Looky Who Updated their Website

Caesar Mike DixonHat tip to reader Greg for sending an email letting me know LP.org had updated the CPAC image on their website (for reference, see here). The officials page is still broken. Looks like our campaign to transform the LP is having some effect. Apparently not much.

It would have been nice if someone from the LP had sent the email though… the number of responses anyone I know has gotten from national remains at ZERO. I’m baffled that we’ve told them we could bring in more donations but they don’t seem to care.

This means we should all work twice as hard at promoting cohesive communications and web strategy within the LP. The proposal will be ready soon, and I don’t think they want us to send this to every delegate… and supporter, and donor, and volunteer whose email address we have. Because we will do that if that’s what it takes. Push comes to shove, we will remove the LNC curmugeons and replace them with grassroots-aware members. The DNC isn’t the only party with a base pissed off at it’s Washington counterparts.

And speaking of big donors, I’ve become aware that Silicon Valley is largely techno-libertarian (and techno-rich, duh). So why is it the Santa Clara County LP website looks like complete bollocks next to the City of San Jose website? Would you trust a party that can’t even outperform the government in the simple area of web design and presentation? This is the level marketplace of ideas, and folks… we’re losing.

Why does the SCLP even need it’s own website? At the very most they need to have a calendar and a news/press release page. That could be a section of the overall CALP site. But wait, isn’t that all the CALP needs? Why not have the tools for the states and localities to manage their content without having to deal with the hassle of web design, hosting, independent newsletters, etcetera etcetera?

This is a systemic problem in the LP, we have thousands of little mediocre websites (no really, look) being maintained by thousands of volunteer and/or paid webmasters when in fact we should be working to build the tools to harness that energy into one website where a visitor could plug in his zip code and be presented with news from every group up the chain. These kinds of tools already exist and would take very little modification… so why doesn’t the LP listen to those of us who know how to implement these types of things?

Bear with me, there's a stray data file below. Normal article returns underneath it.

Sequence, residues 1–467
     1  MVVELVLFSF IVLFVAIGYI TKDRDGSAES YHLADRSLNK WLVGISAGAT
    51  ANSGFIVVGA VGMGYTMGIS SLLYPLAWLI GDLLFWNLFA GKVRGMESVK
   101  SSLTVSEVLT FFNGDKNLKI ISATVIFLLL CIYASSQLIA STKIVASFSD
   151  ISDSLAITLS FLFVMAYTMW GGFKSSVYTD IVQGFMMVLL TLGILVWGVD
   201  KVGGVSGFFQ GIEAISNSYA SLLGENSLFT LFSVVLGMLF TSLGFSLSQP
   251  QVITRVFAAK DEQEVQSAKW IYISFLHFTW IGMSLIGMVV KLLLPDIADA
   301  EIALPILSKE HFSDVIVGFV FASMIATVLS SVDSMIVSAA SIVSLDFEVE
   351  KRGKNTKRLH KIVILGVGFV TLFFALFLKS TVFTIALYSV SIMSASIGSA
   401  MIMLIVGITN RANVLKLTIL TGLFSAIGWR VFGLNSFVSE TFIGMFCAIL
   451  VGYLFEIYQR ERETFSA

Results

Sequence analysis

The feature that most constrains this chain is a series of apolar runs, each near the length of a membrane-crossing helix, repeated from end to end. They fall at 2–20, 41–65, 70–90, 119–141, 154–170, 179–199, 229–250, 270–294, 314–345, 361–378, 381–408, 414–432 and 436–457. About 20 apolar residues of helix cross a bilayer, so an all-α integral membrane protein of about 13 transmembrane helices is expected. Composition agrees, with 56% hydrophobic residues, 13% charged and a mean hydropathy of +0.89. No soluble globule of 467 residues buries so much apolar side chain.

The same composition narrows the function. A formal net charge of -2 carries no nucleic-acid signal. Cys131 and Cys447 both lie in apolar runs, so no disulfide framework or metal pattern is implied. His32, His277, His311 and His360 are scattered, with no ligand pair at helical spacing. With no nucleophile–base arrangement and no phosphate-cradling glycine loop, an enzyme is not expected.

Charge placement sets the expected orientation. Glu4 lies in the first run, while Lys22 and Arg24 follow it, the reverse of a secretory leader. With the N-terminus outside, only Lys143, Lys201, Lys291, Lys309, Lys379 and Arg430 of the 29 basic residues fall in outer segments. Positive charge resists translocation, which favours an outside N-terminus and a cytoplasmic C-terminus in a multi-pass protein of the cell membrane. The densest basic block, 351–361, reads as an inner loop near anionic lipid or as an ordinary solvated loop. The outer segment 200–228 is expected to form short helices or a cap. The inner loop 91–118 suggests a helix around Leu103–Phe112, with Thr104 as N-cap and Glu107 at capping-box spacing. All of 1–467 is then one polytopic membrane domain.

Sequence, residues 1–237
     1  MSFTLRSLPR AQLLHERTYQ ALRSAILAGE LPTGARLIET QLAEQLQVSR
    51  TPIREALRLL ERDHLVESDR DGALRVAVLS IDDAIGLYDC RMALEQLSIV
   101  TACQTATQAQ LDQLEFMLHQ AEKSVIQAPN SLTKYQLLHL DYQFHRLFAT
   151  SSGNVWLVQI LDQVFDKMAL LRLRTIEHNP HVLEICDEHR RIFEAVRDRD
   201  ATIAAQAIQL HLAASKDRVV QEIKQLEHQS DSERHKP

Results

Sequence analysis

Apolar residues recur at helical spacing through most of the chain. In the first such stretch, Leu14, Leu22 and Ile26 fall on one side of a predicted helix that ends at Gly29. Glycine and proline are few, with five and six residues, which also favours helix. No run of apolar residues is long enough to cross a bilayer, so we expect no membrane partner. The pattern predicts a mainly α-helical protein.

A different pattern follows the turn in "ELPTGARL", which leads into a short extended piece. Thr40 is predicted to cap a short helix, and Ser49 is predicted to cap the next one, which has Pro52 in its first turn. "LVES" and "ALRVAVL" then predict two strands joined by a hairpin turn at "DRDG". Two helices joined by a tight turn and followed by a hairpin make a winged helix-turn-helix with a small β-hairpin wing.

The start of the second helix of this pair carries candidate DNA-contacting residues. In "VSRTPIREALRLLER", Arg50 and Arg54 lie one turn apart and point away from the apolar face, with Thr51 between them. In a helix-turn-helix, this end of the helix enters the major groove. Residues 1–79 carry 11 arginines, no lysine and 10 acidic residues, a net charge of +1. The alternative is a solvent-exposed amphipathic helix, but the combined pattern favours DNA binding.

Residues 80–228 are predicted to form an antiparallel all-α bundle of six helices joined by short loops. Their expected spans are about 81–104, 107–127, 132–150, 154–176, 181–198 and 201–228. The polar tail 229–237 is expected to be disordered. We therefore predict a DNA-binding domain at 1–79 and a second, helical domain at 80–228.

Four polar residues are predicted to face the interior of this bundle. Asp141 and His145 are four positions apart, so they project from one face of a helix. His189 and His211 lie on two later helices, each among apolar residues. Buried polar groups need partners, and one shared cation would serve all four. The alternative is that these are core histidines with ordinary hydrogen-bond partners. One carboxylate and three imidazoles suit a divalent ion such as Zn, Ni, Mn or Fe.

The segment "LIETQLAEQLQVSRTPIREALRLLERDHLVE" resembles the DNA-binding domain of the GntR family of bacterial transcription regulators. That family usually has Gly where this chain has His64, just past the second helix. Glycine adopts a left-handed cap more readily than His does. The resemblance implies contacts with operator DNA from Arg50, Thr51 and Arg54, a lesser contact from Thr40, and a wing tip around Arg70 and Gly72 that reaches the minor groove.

6 Comments
  1. Hey Stephen,

    Good job! I hope the proposal is done sooner rather than later. I think that you should send it to every libertarian that you know (or email that you have). How is your “moveon.org” type site coming along? Remember that I said I would support you in your cause and Im sure many others would too. Where is your donation form for your cause? I know that you do a great amount of good work for liberty. Keep it up!

    Jeremiah

  2. Jeremiah,

    Actually, PushLiberty.org will launch publicly shortly (when it’s done). It’s a hybrid between Google News and Blogdex, but with only libertarian blogs. It should pay for itself with Google adsense and be a low maintenance site with big return. There is a headline box for activism as well that works similar to the other topics so don’t fret about that.

    The site is meant to be an enabler, not a pure activism site… it will make sense when I launch (and all the Republican and Democrat geeks will wail and gnash their teeth in envy).

  3. Stephen,

    Sounds good. I just want to make sure that there is a way to fund (and/or help create) national ads and commercials to aid in the fight for freedom.

    I hope that we could get a lot of these changes before the 2006 elections. Lets show the NLP how it is done.

  4. I have a great slogan for ‘pushliberty.org’

    “For those addicted to Freedom” (something along those lines)

  5. LOL! I love that pic of Dixon, I want that on a t-shirt for the California LP conv.

    Rock on, what you are saying is exactly true!

  6. I certainly agree than many Libertarian sites suck, including Santa Clara County, where I serve as secretary. We’re working actively to correct that. Furthermore, I agree that there are tools out there to build these sites easily and cheaply and no one should have a sucky site. However, I strongly disagree that local chapters should have minimal sites. Leveraging the power of the Web–blogs on local issues, e-mail groups, Meetups, Google Ad campaigns–is the key to getting our message out to the wired world.

    I always find it interesting when people who tout grassroots efforts claim that, in order to effect their “grassroots” policies, they must topple the current leadership. Instead of focusing on changing the leadership, why not help county parties get better websites? Create a cheap, template solution that can be implemented for